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Obviously it'll accelerate games. What about GPGPU? That's not the focus of Lucid right now. They said they want to look at the largest market for the part and target that first, and gaming is certainly where that is at. It is physically possible that the hardware and software could load balance other tasks across the hardware, but this isn't something that is currently being explored or developed.

It will also accelerate games using multiple GPUs while outputting to multiple displays. Imagine 4 GPUs sharing the load over 3 monitors for a flight sim. Neither NVIDIA nor AMD can pull something like this off right now with their technology.

This can end up on both GPUs and on motherboards, and they can be cascaded. There is a limit to how many you can cascade because you will start introducing latency (but Lucid didn't define that limit). But 1 level deep is reasonable apparently. And this means it seems like it would be possible (except for the power requirements) to build a motherboard with 4 slots that had 4 cards each with 2 GPUs (let's say GTX 280s) connected by a Hyrda 100 chip.

And if scaling is really linear, 8x GTX 280 would certainly deliver way more than we could possibly need for a pretty good while. We'd be CPU and system limited until the cows come home (or at least a good 2 or 3 generations of hardware out into the future). Well, either that or developers would catch on that they could allow ridiculous features to be enabled for the kind of super ultra mega (filthy rich) users that would pick up such a crazy solution.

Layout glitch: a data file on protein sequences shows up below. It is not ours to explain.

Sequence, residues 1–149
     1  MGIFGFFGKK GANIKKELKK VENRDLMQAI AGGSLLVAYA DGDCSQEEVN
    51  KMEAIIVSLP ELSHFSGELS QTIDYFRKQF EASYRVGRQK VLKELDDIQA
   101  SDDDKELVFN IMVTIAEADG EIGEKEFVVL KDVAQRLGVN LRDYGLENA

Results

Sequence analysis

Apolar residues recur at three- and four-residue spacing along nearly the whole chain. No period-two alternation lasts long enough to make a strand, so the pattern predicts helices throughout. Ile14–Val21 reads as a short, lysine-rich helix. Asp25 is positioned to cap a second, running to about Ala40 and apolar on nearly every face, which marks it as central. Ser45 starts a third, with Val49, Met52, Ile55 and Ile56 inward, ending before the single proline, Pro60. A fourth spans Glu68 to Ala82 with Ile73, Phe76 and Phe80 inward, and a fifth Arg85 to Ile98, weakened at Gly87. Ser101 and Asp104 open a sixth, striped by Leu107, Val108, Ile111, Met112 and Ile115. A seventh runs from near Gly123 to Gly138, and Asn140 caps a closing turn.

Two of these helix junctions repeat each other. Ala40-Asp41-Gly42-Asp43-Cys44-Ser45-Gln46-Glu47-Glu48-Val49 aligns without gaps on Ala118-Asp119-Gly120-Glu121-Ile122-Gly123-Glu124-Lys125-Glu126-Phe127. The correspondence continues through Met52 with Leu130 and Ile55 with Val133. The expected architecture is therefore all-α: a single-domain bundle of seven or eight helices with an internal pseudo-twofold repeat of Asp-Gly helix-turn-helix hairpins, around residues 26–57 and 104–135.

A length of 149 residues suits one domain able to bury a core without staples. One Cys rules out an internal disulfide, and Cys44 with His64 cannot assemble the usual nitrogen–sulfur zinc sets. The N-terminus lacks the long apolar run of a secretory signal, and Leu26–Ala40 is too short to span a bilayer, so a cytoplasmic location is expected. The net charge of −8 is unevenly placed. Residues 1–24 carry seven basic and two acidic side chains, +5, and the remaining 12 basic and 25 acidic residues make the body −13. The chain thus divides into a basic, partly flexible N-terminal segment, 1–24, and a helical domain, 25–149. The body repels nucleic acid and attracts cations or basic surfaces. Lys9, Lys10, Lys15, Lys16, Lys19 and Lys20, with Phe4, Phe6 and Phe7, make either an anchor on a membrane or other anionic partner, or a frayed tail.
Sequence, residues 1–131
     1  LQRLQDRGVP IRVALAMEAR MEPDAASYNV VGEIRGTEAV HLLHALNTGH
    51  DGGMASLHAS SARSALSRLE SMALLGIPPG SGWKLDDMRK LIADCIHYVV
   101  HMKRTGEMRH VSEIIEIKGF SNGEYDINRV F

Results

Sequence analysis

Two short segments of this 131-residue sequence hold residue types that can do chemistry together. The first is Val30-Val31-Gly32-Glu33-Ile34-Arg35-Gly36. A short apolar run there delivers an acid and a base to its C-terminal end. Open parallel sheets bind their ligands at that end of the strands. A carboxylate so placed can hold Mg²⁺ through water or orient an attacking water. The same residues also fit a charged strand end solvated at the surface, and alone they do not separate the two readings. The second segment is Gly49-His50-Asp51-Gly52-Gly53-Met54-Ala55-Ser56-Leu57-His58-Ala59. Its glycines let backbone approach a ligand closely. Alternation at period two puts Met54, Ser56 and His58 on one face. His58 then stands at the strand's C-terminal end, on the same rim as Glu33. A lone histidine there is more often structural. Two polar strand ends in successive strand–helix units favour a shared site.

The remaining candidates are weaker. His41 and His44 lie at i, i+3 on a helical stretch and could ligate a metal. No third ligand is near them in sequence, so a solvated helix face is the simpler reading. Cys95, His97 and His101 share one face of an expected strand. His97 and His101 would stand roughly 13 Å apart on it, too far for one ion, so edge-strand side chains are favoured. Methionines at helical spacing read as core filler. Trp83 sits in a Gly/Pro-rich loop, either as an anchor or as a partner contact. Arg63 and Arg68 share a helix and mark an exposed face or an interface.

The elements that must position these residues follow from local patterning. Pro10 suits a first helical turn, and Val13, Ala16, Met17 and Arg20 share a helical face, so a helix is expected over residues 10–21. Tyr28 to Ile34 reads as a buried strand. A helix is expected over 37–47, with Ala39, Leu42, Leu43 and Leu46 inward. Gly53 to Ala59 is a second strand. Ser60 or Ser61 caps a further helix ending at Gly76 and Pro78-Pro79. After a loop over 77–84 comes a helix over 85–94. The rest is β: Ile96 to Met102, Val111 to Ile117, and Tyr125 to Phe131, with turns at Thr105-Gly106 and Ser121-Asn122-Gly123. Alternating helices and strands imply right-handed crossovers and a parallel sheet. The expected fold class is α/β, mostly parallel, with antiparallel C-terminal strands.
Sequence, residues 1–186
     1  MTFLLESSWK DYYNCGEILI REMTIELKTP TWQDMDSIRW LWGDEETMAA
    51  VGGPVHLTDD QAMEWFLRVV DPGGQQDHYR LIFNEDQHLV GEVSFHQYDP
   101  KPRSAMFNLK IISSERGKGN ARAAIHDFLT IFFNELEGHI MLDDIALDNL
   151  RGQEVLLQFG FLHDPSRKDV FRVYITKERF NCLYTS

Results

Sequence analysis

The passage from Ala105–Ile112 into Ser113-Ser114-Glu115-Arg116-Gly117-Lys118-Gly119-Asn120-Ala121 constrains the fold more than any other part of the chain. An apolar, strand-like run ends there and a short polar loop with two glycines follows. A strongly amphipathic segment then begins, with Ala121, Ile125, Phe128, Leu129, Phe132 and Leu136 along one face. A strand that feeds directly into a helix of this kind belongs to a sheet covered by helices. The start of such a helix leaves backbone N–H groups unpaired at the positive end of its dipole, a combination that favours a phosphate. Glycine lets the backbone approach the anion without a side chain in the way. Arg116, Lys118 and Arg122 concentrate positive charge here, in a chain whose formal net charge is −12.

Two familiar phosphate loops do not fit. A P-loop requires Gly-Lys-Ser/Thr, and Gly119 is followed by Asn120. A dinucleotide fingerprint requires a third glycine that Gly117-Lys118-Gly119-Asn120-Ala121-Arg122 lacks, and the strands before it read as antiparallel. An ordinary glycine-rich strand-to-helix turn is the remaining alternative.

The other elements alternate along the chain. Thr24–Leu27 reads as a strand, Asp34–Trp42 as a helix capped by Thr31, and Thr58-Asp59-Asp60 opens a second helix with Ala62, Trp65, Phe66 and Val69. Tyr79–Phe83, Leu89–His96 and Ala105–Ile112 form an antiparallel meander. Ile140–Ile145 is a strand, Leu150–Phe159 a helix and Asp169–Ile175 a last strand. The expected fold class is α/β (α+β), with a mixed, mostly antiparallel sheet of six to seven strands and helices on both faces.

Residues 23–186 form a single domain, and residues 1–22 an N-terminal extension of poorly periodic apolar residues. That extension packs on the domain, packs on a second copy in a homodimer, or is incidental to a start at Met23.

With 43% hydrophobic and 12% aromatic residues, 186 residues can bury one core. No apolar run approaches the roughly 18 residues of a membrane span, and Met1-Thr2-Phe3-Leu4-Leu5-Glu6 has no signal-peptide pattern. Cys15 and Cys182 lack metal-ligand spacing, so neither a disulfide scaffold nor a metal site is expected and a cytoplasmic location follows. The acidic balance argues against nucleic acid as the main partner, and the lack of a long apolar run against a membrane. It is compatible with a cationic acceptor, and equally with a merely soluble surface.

Upgrading hardware would be stupidly simple. Forget PhysX or anything like that: leave your older card in the system and upgrade to the latest generation and they'll both contribute equally to the rendering of frames (and since graphics is usually the largest bottleneck in the system, this will improve performance more than any other solution anyway). If we added a GTX 280 to a card with half it's performance, we'd see a 50% performance improvement over a single GTX 280. Not bad at all. There would be less downside in buying a high end part because it could continue to serve you for much longer than usual. And low end parts would still contribute as well (with a proportionally smaller gain, but a gain nonetheless).

Lucid also makes what seems like a ridiculous claim. They say that in some cases they could see higher than linear scaling. The reason they claim this should be possible is that the CPU will be offloaded by their hardware and doesn't need to worry about as much so that overall system performance will go up. We sort of doubt this, and hearing such claims makes us nervous. They did state that this was not the norm, but rather the exception. If it happens at all it would have to be the exception, but it still seems way too out there for me to buy it.

Aside from utterly invalidating SLI and CrossFire, this thing opens up a whole realm of possibilities. If Intel adopts it for their high end motherboards, they would have the ultimate solution for gaming. Period. If it's up to board vendors, chipset will still be less relevant in at least multi-GPU performance than the inclusion or exclusion of the Lucid Hydra 100.

But can they really do it? And how do they even attempt to do it? They've told us a little bit, and we'll brainstorm a bit and see what we can come up with.

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  • GTVic - Friday, August 22, 2008 - link

    This company is not making graphics cards, and to use their product you have to buy more graphics cards. Seems like a win-win situation. AMD and nVidia can dump development on crossfire/sli and sales go up. Reply
  • DerekWilson - Saturday, August 23, 2008 - link

    if nvidia dumps sli then there is zero reason for them to be in the chipset business right now.

    they are no longer needed for AMD because AMD isn't making horrid chipsets anymore. they aren't needed for Intel because Intel builds awesome motherboards.

    the only value add nvidia has on the platform side is sli. period.

    they do not want to see it become irrelevant.